Currently, there are more than 5.4 million Americans living with the disease, and it is estimated by 2050, someone in the United States will develop Alzheimer’s every 33 seconds, with a total number of individuals living with the disease as high as 16 million.
Alzheimer’s is the most expensive disease in America. Forbes magazine in a March 2017 article stated “Alzheimer’s staggering $259 billion cost could break Medicare.”
Advocacy at the local, state, and federal level is necessary to ensure funds are allocated to help advance the research needed to find an effective treatment, and ultimately a cure for Alzheimer’s.
In 2016, for every $100 spent on funding Alzheimer’s research, $16,000 was spent by Medicare and Medicaid caring for those with the disease.
Alzheimer’s Association volunteer advocates from Brooklyn and Queens have taken part in awareness-raising meetings with elected officials to discuss the urgent need to take action.
Brooklyn resident George Valentin met with Congresswoman Yvette Clarke, a committed supporter in the fight to end Alzheimer’s at the beginning of Alzheimer’s & Brain Awareness Month.
Valentin and his wife, Walea, were his mother’s caregivers for years, until she passed away from Alzheimer’s. The experience inspired Valentin to take action to help others in similar circumstances.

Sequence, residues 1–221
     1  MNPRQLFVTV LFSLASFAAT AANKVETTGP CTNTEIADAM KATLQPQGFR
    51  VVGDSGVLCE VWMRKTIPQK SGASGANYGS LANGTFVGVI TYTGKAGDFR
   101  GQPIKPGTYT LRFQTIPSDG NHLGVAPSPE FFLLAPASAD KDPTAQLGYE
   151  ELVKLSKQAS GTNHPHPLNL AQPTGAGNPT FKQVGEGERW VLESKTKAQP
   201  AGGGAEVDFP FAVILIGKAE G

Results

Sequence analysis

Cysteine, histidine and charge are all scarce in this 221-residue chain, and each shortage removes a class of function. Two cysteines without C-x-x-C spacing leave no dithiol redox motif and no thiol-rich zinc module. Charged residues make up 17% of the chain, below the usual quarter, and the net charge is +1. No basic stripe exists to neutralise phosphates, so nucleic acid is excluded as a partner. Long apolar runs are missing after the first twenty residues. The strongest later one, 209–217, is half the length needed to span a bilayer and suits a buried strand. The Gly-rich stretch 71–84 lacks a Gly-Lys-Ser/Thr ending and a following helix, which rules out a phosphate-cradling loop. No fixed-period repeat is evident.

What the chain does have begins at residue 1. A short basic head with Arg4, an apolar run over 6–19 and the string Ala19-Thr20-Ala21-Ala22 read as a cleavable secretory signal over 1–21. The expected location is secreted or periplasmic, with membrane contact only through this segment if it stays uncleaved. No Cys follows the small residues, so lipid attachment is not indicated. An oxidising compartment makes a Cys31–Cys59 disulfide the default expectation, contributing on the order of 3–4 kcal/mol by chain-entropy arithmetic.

He became an advocate at the 2017 Alzheimer's Advocacy Forum on Capitol Hill this past March.
“When my mother’s diagnosis of Alzheimer's disease was confirmed, and as the disease progressed, it finally became necessary for her to be in a nursing home with round-the-clock-care,” he said. “There, I saw firsthand the need to advocate for more staff training for those caring for Alzheimer’s patients.”
Promoting The Palliative Care and Hospice Education and Training Act (PCHETA) and a $414 million increase for federal Alzheimer's research funding for FY2018 are the focus of advocates when meeting with their elected officials.
“When I found the Alzheimer's Association, I took advantage of the information on their website and called the 24/7 Helpline whenever I needed advice or felt overwhelmed,” Valentin said. “I started volunteering with the Association, telling my story, so others would become aware of the resources available to them. “
For more information or to get involved, visit alz.org/nyc or call (800) 272-3900.